JAMAICAN CHERRY (Muntingia calabra)
A very fast-growing small to medium tree, 8 to 13 m high, branches spreading, nearly horizontal.Leaves are alternate, lanceolate or oblong, long-pointed at the apex, oblique at the base.Flowers with 5 green sepals and 5 white petals and many prominent yellow stamens last only one day, the petals falling in the afternoon.The flowers of this tree resemble strawberry bloom. Hence it is also called a strawberry tree which confuses it with Arbutus unedo.
The fruits of Jamaican cherry are eaten and sold in markets. The fruits can be processed into jams and other products. The leaves are used for making a tea in some countries.100 gm of pulp contains, 77.8 g moisture, 0.324 g protein, 1.56 g fat, 4.6 g fibre, 1.14 g total minerals, 124.6 mg calcium, 84.0 mg phosphorus, and 1.18 mg iron and o.019 mg carotene.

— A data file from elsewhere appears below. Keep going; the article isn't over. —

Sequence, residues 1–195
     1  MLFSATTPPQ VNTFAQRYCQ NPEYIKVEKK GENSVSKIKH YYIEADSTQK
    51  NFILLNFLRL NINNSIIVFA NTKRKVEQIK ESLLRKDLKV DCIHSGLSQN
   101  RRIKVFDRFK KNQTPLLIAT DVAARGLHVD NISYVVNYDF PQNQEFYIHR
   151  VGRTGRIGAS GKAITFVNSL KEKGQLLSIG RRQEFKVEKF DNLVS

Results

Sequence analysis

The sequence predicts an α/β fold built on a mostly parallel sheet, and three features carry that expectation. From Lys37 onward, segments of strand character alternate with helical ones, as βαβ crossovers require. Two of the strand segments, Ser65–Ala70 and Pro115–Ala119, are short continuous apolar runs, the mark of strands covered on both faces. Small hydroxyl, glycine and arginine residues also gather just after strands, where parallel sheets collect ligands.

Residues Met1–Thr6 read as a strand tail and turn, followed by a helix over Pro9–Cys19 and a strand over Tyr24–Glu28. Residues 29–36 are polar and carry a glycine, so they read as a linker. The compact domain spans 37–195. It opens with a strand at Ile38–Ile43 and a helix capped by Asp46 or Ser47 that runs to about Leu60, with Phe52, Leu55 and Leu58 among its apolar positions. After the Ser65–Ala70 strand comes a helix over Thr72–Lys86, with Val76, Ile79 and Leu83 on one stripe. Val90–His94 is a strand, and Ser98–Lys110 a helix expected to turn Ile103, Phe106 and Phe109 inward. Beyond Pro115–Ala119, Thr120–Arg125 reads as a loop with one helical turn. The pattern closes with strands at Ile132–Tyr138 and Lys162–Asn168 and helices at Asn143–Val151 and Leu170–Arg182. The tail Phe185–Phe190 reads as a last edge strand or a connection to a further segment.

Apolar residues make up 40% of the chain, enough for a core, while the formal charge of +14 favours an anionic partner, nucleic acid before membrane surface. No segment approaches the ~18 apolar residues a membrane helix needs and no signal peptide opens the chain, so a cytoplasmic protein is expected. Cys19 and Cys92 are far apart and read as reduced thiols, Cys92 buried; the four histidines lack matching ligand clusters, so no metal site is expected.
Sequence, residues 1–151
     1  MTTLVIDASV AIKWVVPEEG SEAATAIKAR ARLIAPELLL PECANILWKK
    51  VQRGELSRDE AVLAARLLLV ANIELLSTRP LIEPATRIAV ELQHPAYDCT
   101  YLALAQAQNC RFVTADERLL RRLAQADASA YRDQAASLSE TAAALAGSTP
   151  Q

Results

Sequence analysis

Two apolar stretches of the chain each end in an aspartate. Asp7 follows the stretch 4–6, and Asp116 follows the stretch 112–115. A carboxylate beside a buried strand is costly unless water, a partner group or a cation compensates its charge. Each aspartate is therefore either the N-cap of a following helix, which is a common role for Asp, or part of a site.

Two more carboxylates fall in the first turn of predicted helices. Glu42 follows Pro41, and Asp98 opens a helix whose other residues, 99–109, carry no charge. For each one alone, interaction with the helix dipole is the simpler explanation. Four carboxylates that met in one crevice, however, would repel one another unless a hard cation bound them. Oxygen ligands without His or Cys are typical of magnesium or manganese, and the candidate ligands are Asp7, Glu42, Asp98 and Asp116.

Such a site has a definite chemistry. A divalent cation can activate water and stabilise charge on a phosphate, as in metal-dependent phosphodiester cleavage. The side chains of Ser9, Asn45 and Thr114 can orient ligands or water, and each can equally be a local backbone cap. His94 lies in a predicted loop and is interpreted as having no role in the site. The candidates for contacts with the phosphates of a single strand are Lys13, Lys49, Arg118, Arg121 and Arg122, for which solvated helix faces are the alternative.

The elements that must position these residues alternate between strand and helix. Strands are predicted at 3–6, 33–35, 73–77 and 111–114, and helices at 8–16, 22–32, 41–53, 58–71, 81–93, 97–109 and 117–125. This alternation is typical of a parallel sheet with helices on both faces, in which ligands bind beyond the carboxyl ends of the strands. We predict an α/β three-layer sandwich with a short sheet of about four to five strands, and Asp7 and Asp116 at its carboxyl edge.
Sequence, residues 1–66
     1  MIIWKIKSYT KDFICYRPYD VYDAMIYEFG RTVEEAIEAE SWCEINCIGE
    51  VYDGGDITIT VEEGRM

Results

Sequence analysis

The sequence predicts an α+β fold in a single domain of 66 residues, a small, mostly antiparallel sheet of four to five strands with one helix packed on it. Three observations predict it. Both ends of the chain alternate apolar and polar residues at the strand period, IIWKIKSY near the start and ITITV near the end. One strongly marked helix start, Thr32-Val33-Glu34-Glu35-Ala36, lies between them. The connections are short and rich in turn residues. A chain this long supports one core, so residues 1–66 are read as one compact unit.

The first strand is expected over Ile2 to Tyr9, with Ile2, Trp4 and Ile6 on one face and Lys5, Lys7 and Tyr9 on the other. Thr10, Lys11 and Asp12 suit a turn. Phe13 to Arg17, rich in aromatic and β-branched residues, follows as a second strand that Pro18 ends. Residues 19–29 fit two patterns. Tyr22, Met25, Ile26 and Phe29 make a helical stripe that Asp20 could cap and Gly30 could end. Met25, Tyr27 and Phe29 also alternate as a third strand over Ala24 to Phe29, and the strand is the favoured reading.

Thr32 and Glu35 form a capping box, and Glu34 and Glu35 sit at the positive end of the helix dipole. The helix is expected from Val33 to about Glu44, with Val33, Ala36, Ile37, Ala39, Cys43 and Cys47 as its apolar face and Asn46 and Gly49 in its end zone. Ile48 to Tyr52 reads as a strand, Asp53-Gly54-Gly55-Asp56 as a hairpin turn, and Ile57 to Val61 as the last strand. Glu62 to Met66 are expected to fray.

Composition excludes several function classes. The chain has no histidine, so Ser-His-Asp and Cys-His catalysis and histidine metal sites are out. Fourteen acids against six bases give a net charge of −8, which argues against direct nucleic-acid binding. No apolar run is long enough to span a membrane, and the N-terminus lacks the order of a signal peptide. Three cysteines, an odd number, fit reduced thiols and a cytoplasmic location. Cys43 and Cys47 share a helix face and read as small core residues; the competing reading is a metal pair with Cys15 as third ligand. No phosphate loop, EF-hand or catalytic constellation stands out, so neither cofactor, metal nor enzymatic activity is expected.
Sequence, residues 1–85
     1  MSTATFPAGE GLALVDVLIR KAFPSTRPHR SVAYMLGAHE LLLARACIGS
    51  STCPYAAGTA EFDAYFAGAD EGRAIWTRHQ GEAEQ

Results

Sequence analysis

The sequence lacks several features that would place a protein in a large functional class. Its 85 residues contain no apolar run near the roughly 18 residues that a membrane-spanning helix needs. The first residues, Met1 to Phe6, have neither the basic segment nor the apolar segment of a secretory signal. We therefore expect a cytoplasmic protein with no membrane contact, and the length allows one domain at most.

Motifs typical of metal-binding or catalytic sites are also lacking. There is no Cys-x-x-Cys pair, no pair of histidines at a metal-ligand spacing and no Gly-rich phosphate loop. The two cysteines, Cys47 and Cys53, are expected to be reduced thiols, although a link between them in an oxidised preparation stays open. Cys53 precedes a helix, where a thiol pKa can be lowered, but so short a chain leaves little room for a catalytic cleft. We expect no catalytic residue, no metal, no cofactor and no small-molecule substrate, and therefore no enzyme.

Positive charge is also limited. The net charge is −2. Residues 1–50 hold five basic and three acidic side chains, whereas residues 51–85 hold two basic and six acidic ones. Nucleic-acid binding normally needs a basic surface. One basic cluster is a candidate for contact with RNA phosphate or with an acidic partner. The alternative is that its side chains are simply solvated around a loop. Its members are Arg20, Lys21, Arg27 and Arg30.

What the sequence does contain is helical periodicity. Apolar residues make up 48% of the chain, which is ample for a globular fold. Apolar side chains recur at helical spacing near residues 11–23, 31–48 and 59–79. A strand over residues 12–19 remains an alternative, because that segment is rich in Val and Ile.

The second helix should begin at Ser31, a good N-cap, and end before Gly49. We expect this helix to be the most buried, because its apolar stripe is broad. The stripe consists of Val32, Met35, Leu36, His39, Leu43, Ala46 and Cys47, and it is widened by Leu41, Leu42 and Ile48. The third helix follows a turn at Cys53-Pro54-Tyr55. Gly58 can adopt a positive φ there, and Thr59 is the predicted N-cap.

This fruit is a very good source of vitamin C containing 80.55 mg of this vitamin per 100 g of pulp.
Jamaican cherry flowers are used as an antiseptic and to treat spasms. It is also taken to relieve headaches and colds.
The tree yields a useful timber which is reddish-brown, compact, fine-grained, moderately strong, light in weight, durable, and easily worked. It is used to make small boxes, casks, and general carpentry. The dried timber is valued as firewood for cooking as it lights quickly and produces intense heat with little smoke. In Brazil, it is being considered as pulp for paper making.
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